With only slight reservations, I actually think Judd Winick did a rather fantastic job with what, on the surface, seemed like a fairly terrible idea: resurrecting the second Robin, Jason Todd, killed off by the Joker in 1988. For DC Comics, a company trying to put the "shocking" back in shocking deaths with a little bit of permanence, it would seem like a great time to to keep the two deadest characters in comics, Jason Todd and the Silver Age Flash Barry Allen, six feet under, but right now it doesn't seem to be the case with, well, either of them.
As far as Jason's concerned, I thought I knew the whole story – Jason was dead, then an other-dimensional Superboy-Prime banged on the walls of reality in DC's Infinite Crisis and what we thought happened was erased, and Jason secretly crawled out of the wreckage. Instead, Winick tempers Infinite Crisis' science-fiction mojo with gritty Batman sensibilities, and what surfaces is incredibly digestible – an explanation for Jason Todd's return that both preserves what we know so far, and moves us forward into the future.
Batman: Under the Hood, Volume 2 opens as Batman investigates the return of Jason Todd, while Jason, as the Red Hood, continues to take apart Gotham ganster Black Mask's hold on the city. When Black Mask accepts help from the assassin Deathstroke, Batman fights beside Jason, but when Jason kills the villain Captain Nazi, Batman realizes he has to stop his former partner. Black Mask seemingly kills Jason, but it's only a decoy; Batman is lured to Crime Alley, where Jason holds the Joker prisoner. As the Secret Society decimates the neighboring town of Bludhaven with the villain Chemo in Infinite Crisis, Jason makes Batman choose between killing him or killing the Joker; Batman wounds Jason, and then loses him in the ensuing explosion.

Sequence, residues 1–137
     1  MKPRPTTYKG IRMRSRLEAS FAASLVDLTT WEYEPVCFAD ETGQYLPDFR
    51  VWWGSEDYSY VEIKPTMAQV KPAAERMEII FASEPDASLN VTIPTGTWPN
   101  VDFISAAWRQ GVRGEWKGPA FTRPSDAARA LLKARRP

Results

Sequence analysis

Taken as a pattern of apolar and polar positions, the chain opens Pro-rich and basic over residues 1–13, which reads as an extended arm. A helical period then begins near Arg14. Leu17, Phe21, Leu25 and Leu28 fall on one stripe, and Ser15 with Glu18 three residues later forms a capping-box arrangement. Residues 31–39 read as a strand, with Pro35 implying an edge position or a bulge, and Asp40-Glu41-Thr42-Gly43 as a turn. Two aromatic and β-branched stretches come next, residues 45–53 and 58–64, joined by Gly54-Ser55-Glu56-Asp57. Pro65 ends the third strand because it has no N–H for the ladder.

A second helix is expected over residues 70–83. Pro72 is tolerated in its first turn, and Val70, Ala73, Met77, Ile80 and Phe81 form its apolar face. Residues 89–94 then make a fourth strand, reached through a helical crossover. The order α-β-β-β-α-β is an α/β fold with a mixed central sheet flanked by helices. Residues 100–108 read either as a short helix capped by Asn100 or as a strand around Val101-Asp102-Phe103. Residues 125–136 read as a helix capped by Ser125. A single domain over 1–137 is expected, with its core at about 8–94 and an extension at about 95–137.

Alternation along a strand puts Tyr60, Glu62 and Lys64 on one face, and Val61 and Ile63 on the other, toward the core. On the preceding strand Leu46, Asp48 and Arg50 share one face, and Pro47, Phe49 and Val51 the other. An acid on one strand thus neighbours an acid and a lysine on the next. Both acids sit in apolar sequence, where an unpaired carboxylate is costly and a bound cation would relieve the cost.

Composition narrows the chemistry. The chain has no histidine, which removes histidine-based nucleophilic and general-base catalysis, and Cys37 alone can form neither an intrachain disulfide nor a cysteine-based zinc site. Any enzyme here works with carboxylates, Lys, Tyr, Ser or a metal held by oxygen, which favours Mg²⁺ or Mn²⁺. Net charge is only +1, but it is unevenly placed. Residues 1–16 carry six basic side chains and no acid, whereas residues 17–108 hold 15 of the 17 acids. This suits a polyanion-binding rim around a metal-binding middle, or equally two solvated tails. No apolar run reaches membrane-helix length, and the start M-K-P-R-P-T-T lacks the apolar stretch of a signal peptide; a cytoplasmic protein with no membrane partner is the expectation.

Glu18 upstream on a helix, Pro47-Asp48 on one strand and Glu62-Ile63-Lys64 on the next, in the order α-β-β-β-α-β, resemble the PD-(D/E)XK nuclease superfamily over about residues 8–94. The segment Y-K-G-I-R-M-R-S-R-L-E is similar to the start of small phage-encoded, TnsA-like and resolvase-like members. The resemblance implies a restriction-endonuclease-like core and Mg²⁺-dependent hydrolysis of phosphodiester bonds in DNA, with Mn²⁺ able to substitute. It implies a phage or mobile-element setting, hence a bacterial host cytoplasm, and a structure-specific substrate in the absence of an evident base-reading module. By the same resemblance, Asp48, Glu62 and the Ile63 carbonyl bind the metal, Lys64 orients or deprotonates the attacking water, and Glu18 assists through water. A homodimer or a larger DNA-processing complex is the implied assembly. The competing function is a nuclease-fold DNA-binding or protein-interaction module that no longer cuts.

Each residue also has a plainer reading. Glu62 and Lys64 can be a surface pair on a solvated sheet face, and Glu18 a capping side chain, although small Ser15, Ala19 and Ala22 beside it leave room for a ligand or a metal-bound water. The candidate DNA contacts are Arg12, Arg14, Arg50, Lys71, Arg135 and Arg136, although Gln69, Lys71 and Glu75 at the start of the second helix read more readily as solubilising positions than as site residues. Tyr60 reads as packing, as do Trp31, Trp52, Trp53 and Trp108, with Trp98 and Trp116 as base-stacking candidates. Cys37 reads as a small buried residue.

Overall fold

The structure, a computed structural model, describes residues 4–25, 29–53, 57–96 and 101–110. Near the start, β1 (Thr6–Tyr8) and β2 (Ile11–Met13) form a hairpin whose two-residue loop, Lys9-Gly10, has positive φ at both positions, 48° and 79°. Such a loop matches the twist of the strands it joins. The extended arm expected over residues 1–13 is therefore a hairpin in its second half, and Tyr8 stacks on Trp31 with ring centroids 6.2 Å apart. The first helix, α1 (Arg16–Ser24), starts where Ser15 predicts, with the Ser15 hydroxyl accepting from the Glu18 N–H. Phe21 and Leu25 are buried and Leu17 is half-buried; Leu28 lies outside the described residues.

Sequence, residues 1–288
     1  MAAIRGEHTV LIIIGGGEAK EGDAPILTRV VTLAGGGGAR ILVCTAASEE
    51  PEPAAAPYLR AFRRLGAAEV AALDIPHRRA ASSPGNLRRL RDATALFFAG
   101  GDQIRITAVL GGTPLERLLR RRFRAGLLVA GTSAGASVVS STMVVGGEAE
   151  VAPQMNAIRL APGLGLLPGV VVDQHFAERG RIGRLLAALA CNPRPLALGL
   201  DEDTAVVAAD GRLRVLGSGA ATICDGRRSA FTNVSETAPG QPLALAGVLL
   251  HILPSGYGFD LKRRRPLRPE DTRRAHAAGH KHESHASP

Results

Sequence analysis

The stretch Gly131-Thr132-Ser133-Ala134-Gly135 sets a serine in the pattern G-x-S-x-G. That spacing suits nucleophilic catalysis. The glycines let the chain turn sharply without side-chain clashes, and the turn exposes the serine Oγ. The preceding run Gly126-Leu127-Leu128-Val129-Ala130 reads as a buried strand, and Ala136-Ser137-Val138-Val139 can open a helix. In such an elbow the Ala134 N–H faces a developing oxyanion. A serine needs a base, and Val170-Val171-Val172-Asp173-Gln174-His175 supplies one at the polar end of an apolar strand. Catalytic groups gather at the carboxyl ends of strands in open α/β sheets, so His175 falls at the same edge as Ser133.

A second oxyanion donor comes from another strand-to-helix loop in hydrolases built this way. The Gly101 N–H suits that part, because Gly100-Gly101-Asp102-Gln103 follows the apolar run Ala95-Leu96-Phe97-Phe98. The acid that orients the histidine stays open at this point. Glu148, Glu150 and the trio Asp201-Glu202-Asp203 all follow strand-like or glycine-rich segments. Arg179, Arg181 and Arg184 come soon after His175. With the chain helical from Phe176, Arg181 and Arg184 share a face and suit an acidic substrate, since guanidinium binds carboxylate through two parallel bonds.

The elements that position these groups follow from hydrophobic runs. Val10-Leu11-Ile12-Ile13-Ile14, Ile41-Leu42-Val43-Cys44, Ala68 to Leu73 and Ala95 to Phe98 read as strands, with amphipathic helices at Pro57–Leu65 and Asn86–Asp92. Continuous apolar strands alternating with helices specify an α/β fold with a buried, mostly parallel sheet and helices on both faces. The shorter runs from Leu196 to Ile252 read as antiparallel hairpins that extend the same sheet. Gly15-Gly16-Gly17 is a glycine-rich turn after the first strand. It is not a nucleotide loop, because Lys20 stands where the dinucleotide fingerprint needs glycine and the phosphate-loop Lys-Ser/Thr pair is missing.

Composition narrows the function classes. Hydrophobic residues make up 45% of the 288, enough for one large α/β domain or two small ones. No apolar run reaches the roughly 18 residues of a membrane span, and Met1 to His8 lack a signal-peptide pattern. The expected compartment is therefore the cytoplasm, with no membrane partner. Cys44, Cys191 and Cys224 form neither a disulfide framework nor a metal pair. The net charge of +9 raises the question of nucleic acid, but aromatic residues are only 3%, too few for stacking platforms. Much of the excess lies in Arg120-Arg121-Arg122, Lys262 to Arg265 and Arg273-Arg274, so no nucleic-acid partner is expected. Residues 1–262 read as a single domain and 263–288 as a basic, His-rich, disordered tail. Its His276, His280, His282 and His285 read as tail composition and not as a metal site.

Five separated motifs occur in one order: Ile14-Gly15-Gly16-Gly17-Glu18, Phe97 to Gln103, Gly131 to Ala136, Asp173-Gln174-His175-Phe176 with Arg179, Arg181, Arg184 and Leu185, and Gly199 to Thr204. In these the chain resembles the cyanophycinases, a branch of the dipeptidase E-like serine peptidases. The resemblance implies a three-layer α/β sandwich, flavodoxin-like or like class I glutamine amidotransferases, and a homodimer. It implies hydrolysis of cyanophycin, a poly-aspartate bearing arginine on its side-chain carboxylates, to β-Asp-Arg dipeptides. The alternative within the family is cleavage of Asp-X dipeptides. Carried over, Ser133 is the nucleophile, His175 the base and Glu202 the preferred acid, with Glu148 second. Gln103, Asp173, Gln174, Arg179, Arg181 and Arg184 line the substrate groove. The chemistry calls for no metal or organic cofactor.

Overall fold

The new policy at DC appears to be one of immediate, rather than retroactive continuity. As with character Donna Troy's new origin, Green Lantern Hal Jordan's possession by an alien being as an explanation of a controversial storyline, new Flash Bart Allen's powers of information retention in Teen Titans, and others, it seems that writers have a greater ability to tweak facts as they go along – which isn't necessarily a bad thing.
In the case of Jason Todd, as the Batman Annual #25 at the end of this trade shows, it's not that Jason didn't die, it's just that Superboy-Prime's reality shift resurrected Jason – in his coffin. What follows is a terribly creepy, but incredibly effective origin of the Red Hood. Fans of Jason's demise in Batman: A Death in the Family get to keep this tale, while at the same time Jason returns from the dead. Inasmuch as this story could have left a bevy of fans feeling cheated, I was especially impressed with this solution.
Winick writes an older Batman, more George Clooney than Christian Bale, and the take on Batman is most fitting considering his enemy. Winick does a great job demonstrating why the Red Hood is a dangerous villain for Batman – because he makes Batman doubt himself. The scene where Batman and Jason fight side-by-side (and, prior to this, where Batman is frozen, unable to decide whether to help Jason or not) shows a Batman uncharacteristically shaken and unsure – and people around him get hurt and die because of it. Winick conveys the sense that, whenever Batman is fighting Jason, he'd just as soon be letting Jason get away, and this makes for a very compelling story. I'd hardly think the Red Hood character could hold up a series on his own, but I'm not sorry to see he's getting more exposure in the post-Infinite Crisis DCU.
The nits in this trade are small and far between – Doug Mahnke and Tom Nguyen provide excellent art as always, and Shane Davis's Batman annual steals the show, but I might've preferred more Mahnke and less Eric Battle in the middle. And, even as Winick provides a perfectly good explanation of how Jason Todd can still be alive, his explanation plays continuity hash with villain Talia Al Ghul's timeline, enough that her role is mainly worth ignoring altogether. But these are, again, small issues with an overall great story – an excellent effort from a writer working under crossover constraints and coming out on top.